In the Dr. Seuss story, Horton the elephant was tricked into hatching a bird's egg. Back in the 1990s, a mouse was tricked into producing an elephant's egg. Now Japanese scientists report that mice have been fooled into making mammoth eggs. Well, nearly.
The latest report from Japan details the successful recovery of cell nuclei from 14,000-year-old mammoth tissues and their injection into enucleated mouse oocytes, more than half of which survived. They didn't develop any further; none showed "disappearance of nuclear membrane or premature chromosome condensation (PCC)" or formed "pronuclear-like structures" as some of the control group (frozen mouse tissues) did. Nevertheless, they claim:
"This is the first report of SCNT with nuclei derived from mammoth tissues."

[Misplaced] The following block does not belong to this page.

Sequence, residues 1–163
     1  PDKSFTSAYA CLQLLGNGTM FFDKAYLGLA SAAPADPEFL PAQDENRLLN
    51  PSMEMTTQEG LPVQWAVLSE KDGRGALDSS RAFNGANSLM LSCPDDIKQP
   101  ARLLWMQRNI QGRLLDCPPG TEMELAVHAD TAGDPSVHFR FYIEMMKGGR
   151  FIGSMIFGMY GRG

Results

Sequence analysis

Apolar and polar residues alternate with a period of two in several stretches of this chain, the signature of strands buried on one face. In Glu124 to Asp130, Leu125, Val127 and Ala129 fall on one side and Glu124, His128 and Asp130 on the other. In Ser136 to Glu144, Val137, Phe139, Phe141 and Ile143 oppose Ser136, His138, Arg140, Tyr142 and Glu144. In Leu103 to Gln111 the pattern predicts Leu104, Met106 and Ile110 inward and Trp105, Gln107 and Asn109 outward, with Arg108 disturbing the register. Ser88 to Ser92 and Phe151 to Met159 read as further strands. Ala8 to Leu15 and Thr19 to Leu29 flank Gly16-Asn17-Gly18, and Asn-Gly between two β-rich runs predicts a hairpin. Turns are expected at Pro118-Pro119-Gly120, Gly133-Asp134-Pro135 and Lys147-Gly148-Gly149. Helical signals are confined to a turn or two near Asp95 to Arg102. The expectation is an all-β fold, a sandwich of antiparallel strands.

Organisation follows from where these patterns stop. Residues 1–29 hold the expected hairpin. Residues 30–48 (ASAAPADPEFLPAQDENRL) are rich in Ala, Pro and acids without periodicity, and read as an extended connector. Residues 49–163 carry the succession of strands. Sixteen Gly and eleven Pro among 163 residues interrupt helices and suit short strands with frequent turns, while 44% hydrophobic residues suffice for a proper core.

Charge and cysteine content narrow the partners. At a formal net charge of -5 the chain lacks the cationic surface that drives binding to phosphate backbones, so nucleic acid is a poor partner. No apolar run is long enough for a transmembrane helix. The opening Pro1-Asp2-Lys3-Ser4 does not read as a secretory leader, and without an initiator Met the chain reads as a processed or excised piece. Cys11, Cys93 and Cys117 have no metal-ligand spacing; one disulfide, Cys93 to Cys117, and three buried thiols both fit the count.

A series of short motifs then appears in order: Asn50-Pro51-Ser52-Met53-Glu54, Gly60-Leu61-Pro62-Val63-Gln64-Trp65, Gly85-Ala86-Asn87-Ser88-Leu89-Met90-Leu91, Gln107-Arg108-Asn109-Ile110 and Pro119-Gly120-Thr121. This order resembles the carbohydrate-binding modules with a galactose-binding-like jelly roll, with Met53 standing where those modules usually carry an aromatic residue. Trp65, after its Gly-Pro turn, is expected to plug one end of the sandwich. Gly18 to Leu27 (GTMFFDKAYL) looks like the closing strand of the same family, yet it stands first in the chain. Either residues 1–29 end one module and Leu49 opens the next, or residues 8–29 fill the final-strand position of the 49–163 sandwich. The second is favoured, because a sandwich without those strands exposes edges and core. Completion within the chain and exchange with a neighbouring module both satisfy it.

Cloning -- or re-creating -- mammoths seems to be something of an obsession in certain quarters. An article in July's Cloning and Stem Cells [abstract] spells out the many technical difficulties, and stresses that the use of Asian elephants as surrogates is both "near to impossible" and "completely unethical" since the elephants are endangered. It's subtitled, in part, "Hope for the Mammoth."
Previously on Biopolitical Times:
Posted in Animal Technologies, Hybrids & Chimeras, Pete Shanks's Blog Posts, Reproductive Cloning
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